This Texas Highways’ web story is one of the most important news stories I have ever reported. It bolsters my award-winning journalism experience and current pursuit of the Ph.D. in history at the University of North Texas. Further, it contributes to research about Emily West and Hendrick Arnold, the two mixed-race African American historic figures who will forever be celebrated for their contributions to the Texas Revolution.
When I received an email from Texas Highways magazine asking if I would be interested in reporting about the Alamo’s first statues honoring African Americans who were part of the Texas Revolution, I squeezed it into my overcrowded schedule. What I discovered about them confirmed the wisdom of my late former Abilene Christian University mentor, Dr. Charlie Marler. During a phone call in December 2020, he said,“There aren’t enough African American historians. I want you to go back to school to become a historian!”
I am so glad I listened and followed Dr. Marler’s order to go back to school and that he witnessed my graduate studies in the history program at the University of Texas at Arlington. That achievement was possible thanks to scholarships from Dr. W. Marvin Dulaney, the president of the Association for the Study of African American Life and History (ASALH) and he is also UTA professor emeritus. I look forward to researching, reporting, writing, and publishing many more neglected Black history stories for multimedia platforms, magazines, newspapers, academic journals, books, and yes, my future dissertation!
From Journalism to African American History in Texas
I am proud to announce I was awarded a scholarship from the Dulaney Family Fund for my fall 2021 graduate studies in history at the University of Texas at Arlington. I received the scholarship in August 2021 from UTA Professor Emeritus William Dulaney, Ph.D., who is also Deputy Director/COO of the African American Museum of Dallas.
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Currently, I am enrolled part-time in the master’s in history program at UTA. My long-term goal is to earn a doctorate degree specializing in African American history in Texas. I decided to follow the advice of my former Abilene Christian University Communication Law Professor Dr. Charles Marler, who encouraged me to pursue becoming an African American historian. He said there aren't enough Black historians and that I had the wherewithal to become one. Wow! He shared that advice after I told him about two of my Texas Highways magazine stories.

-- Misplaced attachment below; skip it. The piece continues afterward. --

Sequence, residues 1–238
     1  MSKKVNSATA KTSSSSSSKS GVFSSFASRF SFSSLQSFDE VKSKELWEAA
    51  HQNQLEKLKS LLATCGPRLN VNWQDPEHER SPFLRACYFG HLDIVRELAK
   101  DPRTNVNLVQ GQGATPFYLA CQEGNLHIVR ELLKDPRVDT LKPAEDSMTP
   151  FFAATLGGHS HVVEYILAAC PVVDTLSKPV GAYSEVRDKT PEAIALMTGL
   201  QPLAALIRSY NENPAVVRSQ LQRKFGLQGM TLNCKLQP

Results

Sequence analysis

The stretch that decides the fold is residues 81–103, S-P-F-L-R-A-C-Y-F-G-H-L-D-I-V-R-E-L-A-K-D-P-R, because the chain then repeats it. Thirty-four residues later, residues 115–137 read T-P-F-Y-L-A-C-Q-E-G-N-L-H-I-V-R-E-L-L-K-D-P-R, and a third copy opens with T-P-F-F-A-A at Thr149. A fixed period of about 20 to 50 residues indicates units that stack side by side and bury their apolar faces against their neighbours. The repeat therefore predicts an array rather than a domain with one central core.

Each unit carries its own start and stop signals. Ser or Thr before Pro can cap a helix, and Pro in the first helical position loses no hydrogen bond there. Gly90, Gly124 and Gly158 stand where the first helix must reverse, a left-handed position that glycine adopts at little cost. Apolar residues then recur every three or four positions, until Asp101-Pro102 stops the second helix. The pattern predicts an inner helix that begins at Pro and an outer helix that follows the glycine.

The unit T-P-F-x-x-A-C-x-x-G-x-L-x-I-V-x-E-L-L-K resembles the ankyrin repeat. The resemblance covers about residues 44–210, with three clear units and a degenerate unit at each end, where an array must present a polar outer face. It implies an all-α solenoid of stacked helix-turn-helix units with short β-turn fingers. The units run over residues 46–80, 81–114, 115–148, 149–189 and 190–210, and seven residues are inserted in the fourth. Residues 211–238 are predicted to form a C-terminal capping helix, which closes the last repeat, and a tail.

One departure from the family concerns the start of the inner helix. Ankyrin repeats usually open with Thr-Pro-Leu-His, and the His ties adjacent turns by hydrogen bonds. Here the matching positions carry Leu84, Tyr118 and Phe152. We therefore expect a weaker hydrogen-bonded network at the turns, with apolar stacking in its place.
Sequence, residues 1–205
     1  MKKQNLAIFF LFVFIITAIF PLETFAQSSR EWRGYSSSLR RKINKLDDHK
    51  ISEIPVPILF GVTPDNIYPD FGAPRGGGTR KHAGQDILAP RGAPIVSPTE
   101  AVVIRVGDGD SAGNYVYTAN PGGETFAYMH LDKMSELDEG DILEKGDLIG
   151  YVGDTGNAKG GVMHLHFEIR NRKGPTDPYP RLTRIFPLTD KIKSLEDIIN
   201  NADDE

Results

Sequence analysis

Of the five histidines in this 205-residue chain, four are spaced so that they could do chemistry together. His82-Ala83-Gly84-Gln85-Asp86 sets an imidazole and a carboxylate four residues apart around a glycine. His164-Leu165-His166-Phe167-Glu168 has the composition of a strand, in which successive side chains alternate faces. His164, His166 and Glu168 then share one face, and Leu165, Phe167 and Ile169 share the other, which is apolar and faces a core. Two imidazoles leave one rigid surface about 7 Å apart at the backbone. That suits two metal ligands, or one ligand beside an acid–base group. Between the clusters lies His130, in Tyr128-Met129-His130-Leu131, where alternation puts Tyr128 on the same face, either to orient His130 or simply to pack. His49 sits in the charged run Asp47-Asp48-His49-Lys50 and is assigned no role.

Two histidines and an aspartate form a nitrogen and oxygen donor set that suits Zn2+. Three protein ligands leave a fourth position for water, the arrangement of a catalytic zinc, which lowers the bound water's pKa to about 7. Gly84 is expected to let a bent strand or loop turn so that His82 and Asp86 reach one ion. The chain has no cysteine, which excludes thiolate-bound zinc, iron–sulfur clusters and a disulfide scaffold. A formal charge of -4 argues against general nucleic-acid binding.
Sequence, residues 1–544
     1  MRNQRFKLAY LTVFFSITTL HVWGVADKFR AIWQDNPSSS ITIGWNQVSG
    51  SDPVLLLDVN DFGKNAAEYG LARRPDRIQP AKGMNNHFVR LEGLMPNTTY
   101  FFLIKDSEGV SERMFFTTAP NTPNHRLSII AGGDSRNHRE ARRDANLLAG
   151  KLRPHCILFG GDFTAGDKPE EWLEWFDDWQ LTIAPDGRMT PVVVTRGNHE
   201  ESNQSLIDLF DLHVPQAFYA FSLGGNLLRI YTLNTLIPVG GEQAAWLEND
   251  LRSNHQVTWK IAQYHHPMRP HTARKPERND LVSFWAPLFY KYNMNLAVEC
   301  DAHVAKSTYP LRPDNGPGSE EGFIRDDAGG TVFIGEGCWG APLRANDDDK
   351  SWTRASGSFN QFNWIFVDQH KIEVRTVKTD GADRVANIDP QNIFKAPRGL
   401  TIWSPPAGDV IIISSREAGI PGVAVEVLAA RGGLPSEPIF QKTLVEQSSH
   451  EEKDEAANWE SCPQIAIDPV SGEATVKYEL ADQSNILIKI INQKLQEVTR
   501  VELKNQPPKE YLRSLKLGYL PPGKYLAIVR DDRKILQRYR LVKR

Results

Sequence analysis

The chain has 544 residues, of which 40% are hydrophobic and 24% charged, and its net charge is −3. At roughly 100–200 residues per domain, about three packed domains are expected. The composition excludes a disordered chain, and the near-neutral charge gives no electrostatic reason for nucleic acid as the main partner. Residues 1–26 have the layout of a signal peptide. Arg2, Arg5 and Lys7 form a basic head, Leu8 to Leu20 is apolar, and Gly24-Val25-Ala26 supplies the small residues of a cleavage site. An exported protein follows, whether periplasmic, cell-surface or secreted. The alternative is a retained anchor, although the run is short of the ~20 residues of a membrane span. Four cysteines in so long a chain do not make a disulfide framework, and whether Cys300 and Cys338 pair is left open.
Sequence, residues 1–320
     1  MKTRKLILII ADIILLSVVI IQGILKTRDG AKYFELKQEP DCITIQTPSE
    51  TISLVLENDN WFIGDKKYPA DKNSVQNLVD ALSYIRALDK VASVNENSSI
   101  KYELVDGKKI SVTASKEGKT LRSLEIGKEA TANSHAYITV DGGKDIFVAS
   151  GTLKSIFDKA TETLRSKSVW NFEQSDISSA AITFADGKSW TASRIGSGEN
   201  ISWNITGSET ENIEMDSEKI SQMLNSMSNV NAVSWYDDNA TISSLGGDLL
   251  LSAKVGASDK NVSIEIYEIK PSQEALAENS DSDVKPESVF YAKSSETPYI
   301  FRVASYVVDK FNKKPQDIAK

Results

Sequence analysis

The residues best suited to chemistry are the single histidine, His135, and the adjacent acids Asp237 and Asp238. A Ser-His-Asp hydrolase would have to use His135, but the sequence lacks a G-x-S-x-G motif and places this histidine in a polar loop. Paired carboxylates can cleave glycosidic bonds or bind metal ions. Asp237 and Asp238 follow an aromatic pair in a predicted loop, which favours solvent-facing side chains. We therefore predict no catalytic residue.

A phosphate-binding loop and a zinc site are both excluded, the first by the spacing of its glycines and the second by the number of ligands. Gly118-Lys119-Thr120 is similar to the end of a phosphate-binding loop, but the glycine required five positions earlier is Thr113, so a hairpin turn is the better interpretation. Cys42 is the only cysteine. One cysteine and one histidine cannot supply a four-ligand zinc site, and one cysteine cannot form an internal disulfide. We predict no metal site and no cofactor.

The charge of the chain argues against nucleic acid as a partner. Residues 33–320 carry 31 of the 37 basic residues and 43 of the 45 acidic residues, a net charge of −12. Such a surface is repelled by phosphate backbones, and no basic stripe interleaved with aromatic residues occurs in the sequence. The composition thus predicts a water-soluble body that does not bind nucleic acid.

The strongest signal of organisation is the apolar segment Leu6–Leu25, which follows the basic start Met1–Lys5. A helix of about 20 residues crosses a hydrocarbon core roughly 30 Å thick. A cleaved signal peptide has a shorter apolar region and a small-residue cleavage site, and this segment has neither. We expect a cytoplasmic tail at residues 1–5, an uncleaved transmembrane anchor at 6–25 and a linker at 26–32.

I listened and am almost finished with my first semester. Returning to graduate school was definitely the right step. The courses are intellectually satisfying and I am well-suited to part-time graduate work.
Watch video of Dr. Marler discussing libel.
Narrative: The heart of history and journalism
Just like in journalism, the narrative or story is at the heart of a history thesis or argument. And, as importantly, I use my award-winning journalism expertise in fascinating new ways in my history courses. For example, I recently posted two summaries of two history book reviews on a discussion board. I wrote several historiography papers that analyzed various themes. In each instance, my journalism background served me well in synthesizing complex information.
One of the reasons Dr. Marler advised me to consider graduate work in history is because he had studied "journalism and Black history at the University of Missouri-Columbia," which he wrote about in my recommendation letter. I was so impressed that he had studied Black history in graduate school. He also shared that well-known axiom, "Journalism is the first rough draft of history."
When I graduated with my M.A. in Journalism Administration degree from the University of Memphis, I sensed I would return to a university to learn more about the art and craft of the narrative. This time, I am aiming for a doctorate in history because of the abundant overlooked, underreported, and forgotten African American history in Texas content yet to be discovered, researched, and published. I look forward to one day researching, writing and teaching that history on all platforms, in and outside of academia. Meanwhile, I keep helping organizations and clients tell important stories while enjoying a new take on a familiar ride.
Read my other UTA graduate school recommendations:
Thanks to Senior Managing Editor Matt Joyce for another dynamic Texas Highways magazine web assignment. In July 2021, I visited the African American Museum in Dallas as part of my story about Houston artist Cary Fagan's photographic work honoring the late Texas native and legendary choreographer/dancer Alvin Ailey. Fagan's images are in the Smithsonian Institution's 'Men of Change: Power. Triumph. Truth' exhibit, at the Museum through Sept. 12, 2021. You may read my story here. Please read my other Texas Highways' works here.
About the Author:
Regina L. Burns, M.A., Project+, is an award-winning multimedia editor and journalist, specializing in Black history and African American stories at Harvest Reapers Communications. Her work has been published in Texas Highways magazine, WFAA-TV, The Dallas Morning News, the Fort Worth Star-Telegram as well as The Commercial Appeal, the Tri-State Defender and The Flyer, among others.